Published writers are generous.

These days you can also join readers via national and international book groups or book clubs. Oprah Winfrey started this trend and her book club continues today. Turns out a number of celebrities now have their own book clubs including Reese Witherspoon and Jenna Bush Hagar. Here’s a list of current celebrity book titles. Naturally there are scores of online book groups and reviews. The advantage to writers joining these groups or reading reviews is that you can learn how readers respond to characters and dramatic events.

I just read Winfrey’s latest title Long Island by Colm Toibin before she chose it because it was on my most-anticpated book list of 2024. I cannot stop thinking about the characters and Toibin’s choices and am waiting to talk about it with others.  {Write me if you have.} In this sequel we rejoin Eilis Lacey the protagonist of Brooklyn, published in 2009.

Eilis is now married to Tony Fiorelli and the mother of two living on Long Island surrounded by the bosterous and closeknit Fiorelli family. Long Island has one of the best inciting incidents I’ve ever read, embedded with moral delimmas and igniting fierce conflicts and heartaches. It will encourage you to risk planting a bombshell on the first page. And Eilis is a truly enigmatic protagonist so as you read along you’re trying to decipher her every thought or clue. You might want to read it to dissect the subtext.

Might I also suggest the film verion of Brooklyn? It’s stunning and Saoirse Ronan is spectacular depicting Eilis. I watched it after I read Long Island and am now planning to reread the novel. If there was ever a novelist who deserves to be studied, it’s Toibin.

Which brings me to Emily Henry and her latest book, Funny Story that I finished reading also. It’s the May selection for the Barnes and Noble Book Club.  I’m relatively new to reading women’s fiction, but find it especially helpful for the times I need to leave town but I cannot escape.  Or when I’ve been working a lot and my client’s plots present tricky puzzles to solve. Henry is one of the strongest writers in this field. Her books are called romance-adjacent, but I don’t care how they’re categorized. Or that the book covers are weirdly girly and garish and neonish. Come to think of it, I actually do mind that this cover art trend continues as if we’re reliving the 1960s.

Mostly I read them because they’re fun and feature some of the best dialogue being written today.

When I read Henry’s books, besides sometimes laughing out loud, I’m pulled immediately into the worlds she’s created, the layers she’s developed.  The emotional truths that are explored. How backstories are meted out. I appreciate when I can simply read for fun and dial down my editor’s brain for awhile because I trust her and her editors.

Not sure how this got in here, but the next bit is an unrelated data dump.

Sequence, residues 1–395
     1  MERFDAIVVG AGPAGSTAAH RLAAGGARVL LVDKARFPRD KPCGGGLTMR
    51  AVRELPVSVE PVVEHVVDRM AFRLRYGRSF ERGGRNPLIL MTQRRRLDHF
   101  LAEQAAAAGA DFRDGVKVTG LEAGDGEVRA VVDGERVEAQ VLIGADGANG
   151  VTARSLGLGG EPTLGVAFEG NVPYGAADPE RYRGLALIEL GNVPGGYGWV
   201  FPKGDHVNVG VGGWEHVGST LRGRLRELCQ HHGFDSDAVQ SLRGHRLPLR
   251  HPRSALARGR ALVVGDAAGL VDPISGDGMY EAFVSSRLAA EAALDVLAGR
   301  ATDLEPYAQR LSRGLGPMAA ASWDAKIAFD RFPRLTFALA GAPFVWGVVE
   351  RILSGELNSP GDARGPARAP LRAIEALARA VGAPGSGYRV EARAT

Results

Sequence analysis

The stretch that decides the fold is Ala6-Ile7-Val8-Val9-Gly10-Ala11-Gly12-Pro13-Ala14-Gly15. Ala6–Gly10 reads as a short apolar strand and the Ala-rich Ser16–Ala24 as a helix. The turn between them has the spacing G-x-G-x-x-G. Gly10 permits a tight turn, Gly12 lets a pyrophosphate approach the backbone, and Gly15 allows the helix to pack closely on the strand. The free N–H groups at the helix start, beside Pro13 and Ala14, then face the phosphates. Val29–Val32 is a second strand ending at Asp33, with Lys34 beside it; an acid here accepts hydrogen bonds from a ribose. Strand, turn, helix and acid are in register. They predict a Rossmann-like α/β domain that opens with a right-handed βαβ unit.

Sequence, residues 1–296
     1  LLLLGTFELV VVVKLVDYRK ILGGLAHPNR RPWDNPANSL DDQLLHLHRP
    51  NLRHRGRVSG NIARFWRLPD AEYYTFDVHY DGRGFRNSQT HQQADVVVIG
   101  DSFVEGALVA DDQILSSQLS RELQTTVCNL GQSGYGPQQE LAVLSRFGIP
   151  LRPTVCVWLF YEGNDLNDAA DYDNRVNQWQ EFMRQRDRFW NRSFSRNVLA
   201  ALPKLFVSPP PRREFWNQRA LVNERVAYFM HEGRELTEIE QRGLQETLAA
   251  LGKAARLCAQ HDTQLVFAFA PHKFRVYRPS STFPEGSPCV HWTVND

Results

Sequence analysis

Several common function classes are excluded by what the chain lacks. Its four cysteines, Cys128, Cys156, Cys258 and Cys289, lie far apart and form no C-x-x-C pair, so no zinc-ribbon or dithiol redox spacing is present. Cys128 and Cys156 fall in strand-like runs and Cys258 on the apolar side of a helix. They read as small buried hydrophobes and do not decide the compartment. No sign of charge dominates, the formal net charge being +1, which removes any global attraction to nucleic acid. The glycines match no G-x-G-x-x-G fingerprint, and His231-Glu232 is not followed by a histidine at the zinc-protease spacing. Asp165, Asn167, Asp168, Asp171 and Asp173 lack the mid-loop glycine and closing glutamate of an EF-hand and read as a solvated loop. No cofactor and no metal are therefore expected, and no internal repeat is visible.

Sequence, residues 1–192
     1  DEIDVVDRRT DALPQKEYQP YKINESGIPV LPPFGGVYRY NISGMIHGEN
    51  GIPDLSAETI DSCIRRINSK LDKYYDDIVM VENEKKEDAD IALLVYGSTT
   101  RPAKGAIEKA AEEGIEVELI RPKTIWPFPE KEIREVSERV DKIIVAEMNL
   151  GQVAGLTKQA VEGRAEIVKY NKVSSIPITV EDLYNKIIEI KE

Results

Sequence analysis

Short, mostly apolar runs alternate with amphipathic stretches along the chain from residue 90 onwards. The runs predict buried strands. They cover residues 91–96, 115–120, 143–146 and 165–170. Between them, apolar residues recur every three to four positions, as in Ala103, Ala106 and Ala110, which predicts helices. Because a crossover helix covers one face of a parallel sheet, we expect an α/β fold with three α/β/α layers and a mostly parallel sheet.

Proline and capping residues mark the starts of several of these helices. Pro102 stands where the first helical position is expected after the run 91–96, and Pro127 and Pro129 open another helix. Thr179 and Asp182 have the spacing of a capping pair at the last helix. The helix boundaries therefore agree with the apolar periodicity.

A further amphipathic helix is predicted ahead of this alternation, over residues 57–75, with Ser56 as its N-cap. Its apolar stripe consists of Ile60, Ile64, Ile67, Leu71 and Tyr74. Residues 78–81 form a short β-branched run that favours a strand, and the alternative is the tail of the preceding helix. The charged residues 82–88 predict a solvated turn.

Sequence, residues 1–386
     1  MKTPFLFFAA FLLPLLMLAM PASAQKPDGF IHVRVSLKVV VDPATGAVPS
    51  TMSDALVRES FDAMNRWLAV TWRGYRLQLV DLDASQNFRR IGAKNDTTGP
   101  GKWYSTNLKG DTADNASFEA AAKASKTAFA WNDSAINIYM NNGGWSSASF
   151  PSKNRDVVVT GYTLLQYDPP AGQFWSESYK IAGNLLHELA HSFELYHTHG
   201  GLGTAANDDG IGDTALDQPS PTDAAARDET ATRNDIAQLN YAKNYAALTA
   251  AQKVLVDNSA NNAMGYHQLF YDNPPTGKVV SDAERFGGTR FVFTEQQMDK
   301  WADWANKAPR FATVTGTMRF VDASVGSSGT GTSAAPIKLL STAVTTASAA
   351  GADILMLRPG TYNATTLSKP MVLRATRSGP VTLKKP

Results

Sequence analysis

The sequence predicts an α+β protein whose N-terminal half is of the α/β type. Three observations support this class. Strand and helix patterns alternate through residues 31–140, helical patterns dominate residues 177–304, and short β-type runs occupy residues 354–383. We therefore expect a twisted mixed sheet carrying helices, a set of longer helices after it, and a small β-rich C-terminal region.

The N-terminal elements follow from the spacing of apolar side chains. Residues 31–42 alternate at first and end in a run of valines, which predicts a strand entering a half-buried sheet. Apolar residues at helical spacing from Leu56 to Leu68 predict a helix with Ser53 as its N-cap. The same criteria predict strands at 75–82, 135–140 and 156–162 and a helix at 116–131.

Funny Story also starts off with a bang, although the inciting incident has already happened and the two main characters are adrift and dazed in painful aftermath. Here are the opening lines: Some people are natural storytellers. They know how to set the scene, find the right angle, when to pause for dramatic effect or breeze past inconveinient details.

I wouldn’t have become a librarian if I didn’t love stories, but I’ve never been great a telling my own. 

So there’s a tease going on here, but it’s actually opening doors and readers soon learn the circumstances and how Daphne and Miles have just become roomates and couldn’t be more unalike.

After I finished the story, appreciated the epilogue, and  read her acknowledgments–don’t you?–I flipped to the back inside cover with her photo and bio. And realized I’d never studied her photo before. She looks like she came straight from the pages of her books–attractive and hip and fun.  Her bio is growing because she’s written bestsellers, as in over 4 million copies sold since she switched to writing women’s fiction in 2020, and three of her five books  are being turned into movies. Obvioulsy impressive.

Penguin Pubishing is calling Funny Story “a shimmering, joyful new novel about opposites with the wrong thing in common.” All true.  In Henry’s stories the romance is the vehicle–as it should be–to force the main characters –excuse me for being a bit crude–to face their own crap. Which in turn creates a character arc.

I believe facing our own shortcomings and demons is how our dreams become real. So, best to read about fictional people floundering and eventually righting themselves. Fiction doesn’t need to provide life’s roadmaps, but there’s nothing like allowing our worries to fade. At least until the last page and the needed catharsis arrives.